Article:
On the heels of the Victory Gardens show Rightlynd and shortly before the Goodman premieres Lottery Day, Steep stages another of Ike Holter’s plays set in the fictional Chicago neighborhood Rightlynd. This one centers on a tiny theater company with a troublesome artistic director whose ambition causes him to appropriate a story that isn’t his to tell.

Details:Edgewater. Steep Theatre. $10–$38. steeptheatre.com

Jan. 24–Mar. 31

Stateless: Views of Global Migration

The United Nations estimates that more than 68 million people were displaced in 2018, worsening a global crisis of refugees seeking asylum and resettlement. This exhibition highlights the work of eight photographers who address this international concern (such as Omar Imam’s portraits of Syrian refugees playing soccer in migrant camps).

Details:South Loop. Museum of Contemporary Photography. Free. mocp.org

Jan. 25–Feb. 7

Chicago Restaurant Week

For the 12th year, restaurants across the city offer affordable prix fixe menus (starting at $24 per meal) for two weeks. Nearly 400 restaurants are participating in the 2019 celebration.

Details:Various locations and prices. choosechicago.com

Jan. 26–27

Hewitt Plays Mozart

Pianist Angela Hewitt is best known for how she plays Bach. Music of the Baroque specializes in, well, baroque music. Both travel a few steps outside of their comfort zones to perform the music of the classical era’s biggest rock star.

Details:Jan. 26: Loop. Harris Theater. Jan. 27: Skokie. North Shore Center for the Performing Arts. $10–$78. baroque.org

Jan. 26–Jul. 21

Caravans of Gold, Fragments in Time: Art, Culture, and Exchange Across Medieval Saharan Africa

Mention the Middle Ages and most people think of the knights and castles of Europe, but this exhibit aims to reframe this fertile period through the countries of West Africa, where a robust culture produced exquisite gold filigree carvings, coins, tapestries, and sculptures. More than 100 artworks and artifacts from the medieval African empires of Mali, Morocco, and Nigeria have never been on display in the United States, so see them up close before the show travels to the Smithsonian.

Details:Evanston. Block Museum of Art, Northwestern University. Free. blockmuseum.northwestern.edu

‘Prisoner of Love’
Prisoner of Love Photo: MCA Chicago
Jan. 26–Oct. 27

Prisoner of Love

At the heart of this group exhibition about contemporary life in America (mostly consisting of items from the MCA’s collection) is the Mississippi-born video artist Arthur Jafa’s 2016 seven-minute masterwork, Love Is the Message, the Message Is Death, a moving portrayal of contemporary African American life that incorporates clips from Beyoncé Knowles, Barack Obama, and Martin Luther King Jr.

Details:Streeterville. Museum of Contemporary Art Chicago. $8–$15. mcachicago.org

Jan. 27

Leif Ove Andsnes

The fastidious Norwegian pianist has appeared in Chicago in recent seasons performing chamber music, including a four-hand recital with Marc-André Hamelin two years ago. This time, it’s all Andsnes, with interesting, off-the-beaten-path Janacek and Bartok shoehorned between Schumann works.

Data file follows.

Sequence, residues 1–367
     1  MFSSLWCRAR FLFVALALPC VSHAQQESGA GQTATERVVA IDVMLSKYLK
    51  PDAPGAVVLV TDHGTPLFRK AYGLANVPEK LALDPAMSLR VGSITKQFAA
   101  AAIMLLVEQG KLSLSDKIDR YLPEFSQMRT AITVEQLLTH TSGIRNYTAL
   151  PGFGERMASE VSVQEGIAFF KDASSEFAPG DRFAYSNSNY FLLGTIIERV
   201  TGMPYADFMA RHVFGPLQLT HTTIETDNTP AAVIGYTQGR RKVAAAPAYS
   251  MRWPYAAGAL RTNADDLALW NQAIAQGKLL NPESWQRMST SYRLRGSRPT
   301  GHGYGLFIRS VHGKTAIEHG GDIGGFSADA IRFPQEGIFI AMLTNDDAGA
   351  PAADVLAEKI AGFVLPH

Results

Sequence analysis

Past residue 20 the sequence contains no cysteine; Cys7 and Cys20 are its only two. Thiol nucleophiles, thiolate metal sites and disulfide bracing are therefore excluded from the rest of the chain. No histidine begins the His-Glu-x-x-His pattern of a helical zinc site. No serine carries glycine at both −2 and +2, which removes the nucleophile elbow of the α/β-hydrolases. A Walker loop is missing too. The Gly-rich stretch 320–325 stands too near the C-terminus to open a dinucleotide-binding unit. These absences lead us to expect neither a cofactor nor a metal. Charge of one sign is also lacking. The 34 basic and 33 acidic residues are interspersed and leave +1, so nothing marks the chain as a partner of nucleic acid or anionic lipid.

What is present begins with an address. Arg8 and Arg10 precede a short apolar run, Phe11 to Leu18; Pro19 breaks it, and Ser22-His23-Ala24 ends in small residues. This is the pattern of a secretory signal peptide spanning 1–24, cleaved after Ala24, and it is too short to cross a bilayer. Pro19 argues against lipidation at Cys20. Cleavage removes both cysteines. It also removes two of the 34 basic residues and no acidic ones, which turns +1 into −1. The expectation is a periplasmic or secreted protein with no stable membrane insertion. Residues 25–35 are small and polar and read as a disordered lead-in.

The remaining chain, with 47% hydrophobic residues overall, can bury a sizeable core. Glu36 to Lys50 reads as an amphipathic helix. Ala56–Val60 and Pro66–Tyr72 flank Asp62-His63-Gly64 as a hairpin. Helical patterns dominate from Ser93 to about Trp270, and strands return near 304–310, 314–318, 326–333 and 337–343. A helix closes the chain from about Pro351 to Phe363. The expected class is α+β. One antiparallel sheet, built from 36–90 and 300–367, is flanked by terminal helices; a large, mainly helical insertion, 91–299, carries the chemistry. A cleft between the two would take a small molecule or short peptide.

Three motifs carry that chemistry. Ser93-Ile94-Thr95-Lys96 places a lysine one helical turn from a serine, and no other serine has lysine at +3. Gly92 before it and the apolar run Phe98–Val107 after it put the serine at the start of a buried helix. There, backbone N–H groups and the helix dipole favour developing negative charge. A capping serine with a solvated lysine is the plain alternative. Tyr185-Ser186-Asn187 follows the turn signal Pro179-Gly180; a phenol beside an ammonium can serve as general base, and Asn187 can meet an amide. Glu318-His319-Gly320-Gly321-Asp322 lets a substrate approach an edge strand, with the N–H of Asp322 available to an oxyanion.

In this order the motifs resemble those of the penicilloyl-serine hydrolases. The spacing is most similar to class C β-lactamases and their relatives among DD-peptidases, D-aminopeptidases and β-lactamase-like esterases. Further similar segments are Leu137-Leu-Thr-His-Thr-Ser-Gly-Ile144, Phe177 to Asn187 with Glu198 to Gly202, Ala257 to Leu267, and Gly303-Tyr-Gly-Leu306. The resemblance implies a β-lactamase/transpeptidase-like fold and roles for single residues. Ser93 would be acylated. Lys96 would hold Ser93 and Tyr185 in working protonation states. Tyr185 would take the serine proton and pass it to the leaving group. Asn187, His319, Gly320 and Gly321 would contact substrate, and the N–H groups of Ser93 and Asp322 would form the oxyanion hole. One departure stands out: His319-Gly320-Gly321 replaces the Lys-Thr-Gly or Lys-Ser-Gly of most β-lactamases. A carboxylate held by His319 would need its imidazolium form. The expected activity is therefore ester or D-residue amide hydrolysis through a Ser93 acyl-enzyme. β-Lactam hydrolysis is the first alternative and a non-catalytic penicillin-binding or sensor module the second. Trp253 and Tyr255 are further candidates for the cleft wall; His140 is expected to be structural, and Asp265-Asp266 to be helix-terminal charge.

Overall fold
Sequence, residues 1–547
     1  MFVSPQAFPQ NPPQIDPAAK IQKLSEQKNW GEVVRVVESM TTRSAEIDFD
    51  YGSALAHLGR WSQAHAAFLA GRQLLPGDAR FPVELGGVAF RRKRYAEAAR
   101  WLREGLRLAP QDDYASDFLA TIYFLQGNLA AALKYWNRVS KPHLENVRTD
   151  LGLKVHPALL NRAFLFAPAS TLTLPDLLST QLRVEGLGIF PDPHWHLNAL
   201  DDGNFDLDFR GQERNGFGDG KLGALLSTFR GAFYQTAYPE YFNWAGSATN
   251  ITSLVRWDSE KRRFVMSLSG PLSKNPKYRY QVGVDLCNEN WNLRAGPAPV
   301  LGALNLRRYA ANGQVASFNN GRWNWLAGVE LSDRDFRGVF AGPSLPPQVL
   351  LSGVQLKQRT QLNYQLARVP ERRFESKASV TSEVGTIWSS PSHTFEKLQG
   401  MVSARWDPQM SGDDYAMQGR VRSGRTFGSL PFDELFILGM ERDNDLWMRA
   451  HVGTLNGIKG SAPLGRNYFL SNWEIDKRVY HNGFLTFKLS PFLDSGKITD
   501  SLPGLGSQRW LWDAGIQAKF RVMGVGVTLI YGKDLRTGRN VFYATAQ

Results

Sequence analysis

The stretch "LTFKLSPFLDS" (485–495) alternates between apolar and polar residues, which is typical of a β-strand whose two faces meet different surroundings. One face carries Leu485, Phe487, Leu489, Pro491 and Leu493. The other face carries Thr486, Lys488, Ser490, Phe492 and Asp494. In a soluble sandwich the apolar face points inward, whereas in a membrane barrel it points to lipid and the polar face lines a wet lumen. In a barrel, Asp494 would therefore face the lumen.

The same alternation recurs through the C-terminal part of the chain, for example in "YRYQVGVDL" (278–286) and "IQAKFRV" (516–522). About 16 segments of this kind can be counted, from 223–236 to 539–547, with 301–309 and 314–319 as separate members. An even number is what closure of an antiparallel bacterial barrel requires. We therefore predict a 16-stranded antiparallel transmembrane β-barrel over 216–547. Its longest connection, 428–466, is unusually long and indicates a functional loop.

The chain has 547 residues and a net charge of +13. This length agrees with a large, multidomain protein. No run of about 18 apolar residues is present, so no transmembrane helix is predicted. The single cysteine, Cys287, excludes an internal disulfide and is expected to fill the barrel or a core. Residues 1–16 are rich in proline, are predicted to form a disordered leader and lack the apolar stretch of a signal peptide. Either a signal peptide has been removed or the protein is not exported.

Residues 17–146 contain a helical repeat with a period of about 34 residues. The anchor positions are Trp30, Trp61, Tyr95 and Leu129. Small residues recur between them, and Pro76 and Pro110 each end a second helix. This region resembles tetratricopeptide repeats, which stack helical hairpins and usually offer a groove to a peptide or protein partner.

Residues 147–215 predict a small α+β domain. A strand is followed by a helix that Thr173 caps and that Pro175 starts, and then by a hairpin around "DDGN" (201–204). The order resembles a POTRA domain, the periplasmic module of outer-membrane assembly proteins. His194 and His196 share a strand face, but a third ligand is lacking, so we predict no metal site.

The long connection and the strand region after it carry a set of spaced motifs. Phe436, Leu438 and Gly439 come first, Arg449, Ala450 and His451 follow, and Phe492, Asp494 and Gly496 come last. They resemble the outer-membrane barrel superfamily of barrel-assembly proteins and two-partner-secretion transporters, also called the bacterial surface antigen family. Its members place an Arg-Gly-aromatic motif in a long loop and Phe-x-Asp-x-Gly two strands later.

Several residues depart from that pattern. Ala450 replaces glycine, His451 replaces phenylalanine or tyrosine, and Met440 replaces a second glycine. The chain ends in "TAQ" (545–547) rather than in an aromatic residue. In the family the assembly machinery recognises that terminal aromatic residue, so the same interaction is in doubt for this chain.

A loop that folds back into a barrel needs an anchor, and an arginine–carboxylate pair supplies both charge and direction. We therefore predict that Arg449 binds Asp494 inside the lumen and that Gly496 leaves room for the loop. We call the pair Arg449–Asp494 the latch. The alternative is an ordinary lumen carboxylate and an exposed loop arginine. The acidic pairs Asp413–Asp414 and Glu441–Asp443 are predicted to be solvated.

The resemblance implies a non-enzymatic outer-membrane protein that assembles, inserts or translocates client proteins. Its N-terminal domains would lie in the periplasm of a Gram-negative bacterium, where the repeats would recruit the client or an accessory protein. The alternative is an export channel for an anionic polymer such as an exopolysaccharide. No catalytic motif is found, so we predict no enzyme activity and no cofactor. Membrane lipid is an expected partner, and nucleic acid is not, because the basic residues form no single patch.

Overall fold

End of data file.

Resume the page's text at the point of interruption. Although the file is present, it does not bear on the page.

Details:Loop. Symphony Center. 3 p.m. $29–$97. cso.org

Jan. 29–May 19

Solidary & Solitary

This expansive, groundbreaking exhibition acknowledges the many black avant-garde artists from the 1940s and onward whose work was as challenging to the status quo as more commonplace Black Power imagery. The material features paintings full of color, tension, and beauty, comparable to those by white counterparts such as Jackson Pollock.

Details:Hyde Park. Smart Museum of Art, University of Chicago. Free. smartmuseum.uchicago.edu

Jan. 31

Kacey Musgraves

With radically progressive lyrics (at least for the country genre) promoting LGBTQ equality, LSD, and female empowerment, Musgraves gained early attention from traditionally noncountry outlets like Fader and Pitchfork. She continues her experimental streak on tracks like “High Horse,” a sharp ditty that sounds more like late-era Rilo Kiley than contemporary country radio.

Details:Loop. Chicago Theatre. 8 p.m. $103–$450. ticketmaster.com

Jan. 31–Feb. 2

Spectrum Dance Theater

It’s been nearly a quarter century since the decorated choreographer Donald Byrne came to Chicago with his contemporary dance company. They’ll be performing Rambunctious Iteration No. 3: The Immigrants, a timely collection of abstract pieces set to music by composers who immigrated to America from non-European countries, including Cuba and Iran.

Details:South Loop. Dance Center, Columbia College Chicago. $10–$30. dance.colum.edu

Jan. 31–Mar. 17

A Doll’s House, Part 2

Love and marriage are two completely different things. At least that’s what Nora — the woman who famously slammed the door on a stifling marriage in Henrik Ibsen’s A Doll’s House — tells her engaged daughter, Emmy, in Lucas Hnath’s sequel, set 15 years after Ibsen left off. Historically, most sequels don’t live up to the original, but Steppenwolf’s casting — Sandra Marquez and Celeste M. Cooper star as Nora and Emmy — would argue otherwise.

Details:Lincoln Park. Steppenwolf Theatre. $15–$99. steppenwolf.org